One the most heavily promoted stories of this year’s campaign is that Donald Trump is a tool of Moscow and no one is pushing it harder than Hillary Clinton’s campaign. Just in the past few days we’ve had stories by numerous outlets regurgitating the idea, including Politico — “Clinton suggests Russia working to elect Trump” — and CNN — “Hillary Clinton: Timing of Russian hack aimed at helping Trump.”
The idea that Trump is Putin’s Manchurian Candidate is too ludicrous to take seriously, as Paul Starobin, Business Week’s former Moscow bureau chief, recently wrote here. But it has gained such currency that when an audience member recently asked Stephen Colbert what question he’d like to ask Trump, he replied, “Well, we’re not broadcasting right now so I would say, ‘What does Vladimir Putin’s dick taste like?’.’ This got picked up widely on the Internet and was treated as politically-informed comedy gold.
Let me state for the 1,000th time that I find Trump, like Clinton, to be a repellent candidate, but there’s no question that he’s getting screwed by the media during this campaign. And one key example is that Hillary Clinton has extensive ties of her own to Russia (more in upcoming stories) and various Eastern European oligarchs, but she’s largely gotten a free pass on these topics.
One of the key attacks on Trump, carried forward from Hillary’s bunker with a full-scale media blitzkrieg, was about how his former top advisor, Paul Manafort, had advocated for deposed Ukraine president Viktor Yanukovych. Manafort’s tab for this PR work was picked up by Rinat Akhmetov, a billionaire oligarch who reportedly had ties to organized crime groups.
The stories trickled out slowly and then in a flood. Major pieces ran in Bloomberg, the Washington Post and Slate, among countless others, right up to the point that Manafort resigned last month. (Disclosure: Manafort is generally bad news and I wrote three stories about him, too, one here and two in Fusion. I don’t think that there’s a battle between good and evil going on in Ukraine, as the general storyline goes, and I never spoke to any Clinton campaign staffers, or even anyone who likes her, for those articles.)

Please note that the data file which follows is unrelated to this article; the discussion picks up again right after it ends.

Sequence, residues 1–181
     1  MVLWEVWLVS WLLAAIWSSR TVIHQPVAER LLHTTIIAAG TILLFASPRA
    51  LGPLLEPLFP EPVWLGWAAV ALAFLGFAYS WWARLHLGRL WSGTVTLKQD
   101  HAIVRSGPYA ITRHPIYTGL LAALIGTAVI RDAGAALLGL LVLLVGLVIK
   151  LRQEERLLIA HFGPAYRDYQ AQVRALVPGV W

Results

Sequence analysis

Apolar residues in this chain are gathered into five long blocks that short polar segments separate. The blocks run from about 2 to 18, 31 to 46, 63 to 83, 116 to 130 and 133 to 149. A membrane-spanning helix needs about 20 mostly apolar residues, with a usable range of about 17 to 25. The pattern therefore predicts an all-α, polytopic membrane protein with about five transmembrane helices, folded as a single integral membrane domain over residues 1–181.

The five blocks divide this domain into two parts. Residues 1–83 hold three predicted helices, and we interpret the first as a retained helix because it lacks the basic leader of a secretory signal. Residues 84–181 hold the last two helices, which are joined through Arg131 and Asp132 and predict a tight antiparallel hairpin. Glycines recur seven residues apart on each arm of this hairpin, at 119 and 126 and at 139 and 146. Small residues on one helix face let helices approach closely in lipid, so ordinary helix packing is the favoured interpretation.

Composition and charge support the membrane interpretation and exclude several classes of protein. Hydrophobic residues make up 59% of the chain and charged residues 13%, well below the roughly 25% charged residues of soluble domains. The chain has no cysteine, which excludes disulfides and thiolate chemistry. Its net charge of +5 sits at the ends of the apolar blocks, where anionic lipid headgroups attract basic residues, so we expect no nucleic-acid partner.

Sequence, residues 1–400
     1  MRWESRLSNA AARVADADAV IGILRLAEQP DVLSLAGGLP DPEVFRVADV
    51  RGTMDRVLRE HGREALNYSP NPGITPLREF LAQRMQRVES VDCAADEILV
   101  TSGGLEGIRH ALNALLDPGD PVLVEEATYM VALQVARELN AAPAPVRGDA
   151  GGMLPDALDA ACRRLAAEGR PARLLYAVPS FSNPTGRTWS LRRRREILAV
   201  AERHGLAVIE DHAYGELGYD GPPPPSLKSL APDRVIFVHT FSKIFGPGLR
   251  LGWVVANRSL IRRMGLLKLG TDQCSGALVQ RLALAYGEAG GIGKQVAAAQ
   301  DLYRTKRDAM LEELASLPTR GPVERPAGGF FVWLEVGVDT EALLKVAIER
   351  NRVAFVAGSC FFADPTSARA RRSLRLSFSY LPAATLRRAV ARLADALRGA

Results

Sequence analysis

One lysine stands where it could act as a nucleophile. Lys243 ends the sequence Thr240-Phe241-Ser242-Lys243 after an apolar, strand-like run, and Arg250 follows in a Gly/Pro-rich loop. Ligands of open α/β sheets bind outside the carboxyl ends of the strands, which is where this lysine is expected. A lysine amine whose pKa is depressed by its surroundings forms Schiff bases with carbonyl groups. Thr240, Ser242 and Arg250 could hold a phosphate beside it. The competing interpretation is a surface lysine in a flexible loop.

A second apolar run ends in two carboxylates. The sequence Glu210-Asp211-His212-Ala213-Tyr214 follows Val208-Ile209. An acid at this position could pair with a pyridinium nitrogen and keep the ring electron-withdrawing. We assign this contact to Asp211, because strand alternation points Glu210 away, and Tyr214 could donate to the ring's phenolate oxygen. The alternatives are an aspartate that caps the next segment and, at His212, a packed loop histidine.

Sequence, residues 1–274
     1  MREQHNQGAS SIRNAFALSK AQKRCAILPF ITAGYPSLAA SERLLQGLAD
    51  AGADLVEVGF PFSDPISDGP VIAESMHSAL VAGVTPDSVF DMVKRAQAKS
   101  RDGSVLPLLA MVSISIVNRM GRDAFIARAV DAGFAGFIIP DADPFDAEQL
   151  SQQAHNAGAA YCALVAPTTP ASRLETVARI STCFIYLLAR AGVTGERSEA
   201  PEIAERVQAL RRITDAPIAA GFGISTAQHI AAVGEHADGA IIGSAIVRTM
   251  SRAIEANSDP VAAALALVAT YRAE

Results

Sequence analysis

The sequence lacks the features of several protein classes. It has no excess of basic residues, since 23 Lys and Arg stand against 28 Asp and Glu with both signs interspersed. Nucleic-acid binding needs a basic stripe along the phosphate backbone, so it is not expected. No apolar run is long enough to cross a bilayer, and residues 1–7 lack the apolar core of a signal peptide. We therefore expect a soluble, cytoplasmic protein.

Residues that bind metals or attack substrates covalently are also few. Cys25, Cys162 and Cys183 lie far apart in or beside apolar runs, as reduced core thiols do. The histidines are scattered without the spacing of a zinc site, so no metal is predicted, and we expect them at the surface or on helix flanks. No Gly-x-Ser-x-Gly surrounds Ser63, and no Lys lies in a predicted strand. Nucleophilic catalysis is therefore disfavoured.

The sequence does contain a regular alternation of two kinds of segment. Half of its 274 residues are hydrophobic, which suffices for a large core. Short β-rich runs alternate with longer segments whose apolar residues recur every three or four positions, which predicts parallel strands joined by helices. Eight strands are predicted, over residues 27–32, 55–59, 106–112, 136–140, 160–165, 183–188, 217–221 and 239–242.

What’s been mostly missing from media coverage is that Hillary Clinton has murky ties of her own to Ukraine and she took actions as secretary of state that could be viewed as a threat to U.S. national security and, separately, were a slap in the face to swing state steelworkers she professes to love on the campaign trail.
So what about Hillary’s Ukraine connections?
Well, let’s look at Ukrainian oligarch Viktor Pinchuk, one of the richest men in Ukraine. He is a supporter of what the media usually lazily describes as the “pro-West” faction in the country, which allegedly makes him a good guy. In reality, there are no true good guys in Ukraine; there are merely competing factions of a predatory elite. (Kind of like here at home, speaking of underreported stories.)
Pinchuk is represented by Doug Schoen, a long-time consultant to Bill and Hillary Clinton and regular cable news commentator. In 2008, Pinchuk made a five-year, $29 million commitment to the Clinton Global Initiative, making him one of the Clinton foundation’s largest individual donors.
Pinchuk is the son-in-law of former Ukrainian president Leonid Kuchma, who was implicated in the murder by beheading of journalist Georgy Gongadze. Pinchuk started amassing his fortune in 2002 when he married Kuchma’s daughter and soon obtained massive industrial interests at a fraction of their value through rigged privatizations.
With the help of Schoen, Pinchuk tried to transition, with great success, from being a reviled oligarch to serving as a “bridge to the West.” In one PR moved, Pinchuk hosted a conference — in Yalta, of all places — which Hillary attended and where he moderated a panel between Bill Clinton and Tony Blair.
Meanwhile, Pinchuk’s contributions to the Clinton Foundation apparently paid off. The oligarch got away with trading with Iran, in possible violation of U.S. sanctions, through Interpipe Group, a manufacturer of pipes for oil and gas sectors. Congress called for an investigation into Interpipe’s sanctions-busting but Secretary of State Clinton, for some odd reason, displayed less enthusiasm and her agency declined to launch a probe.
Oh yeah, as the New York Times did report a few years ago, Pinchuk was also “at the center of a trade dispute that placesd him at odds with steelworkers in Pennsylvania and Ohio.” The case involved charges from American steel makers that Ukrainian companies like Interpipe had dumped steel tubes on global markets and undercut U.S. companies in “an industry whose growth has provided one of the few bright spots in the…manufacturing sector.
The Commerce Department did find Interpipe guilty of dumping violations, but Pinchuk’s company will not be hit with added tariffs until July 2017. By then, a Clinton White House could easily reverse course and ditch the penalties against this close Friend of Hillary and major Clinton Foundation donor.
So a key aide to Trump getting paid by a crooked oligarch to promote a corrupt faction of Ukraine’s elite merits 24/7 media coverage. A key Clinton aide paid by a crooked oligarch to promote a corrupt faction of Ukraine’s elite gets far less press — even if Hillary’s pal is a huge donor to her foundation and on her watch as secretary of state got away with sanctions-busting in Iran and may well escape any real punishment for steel-dumping that pummeled the Midwest.
They both seem like good stories, but the Manafort version has gotten far more play than the Schoen version. It’s not hard to guess why.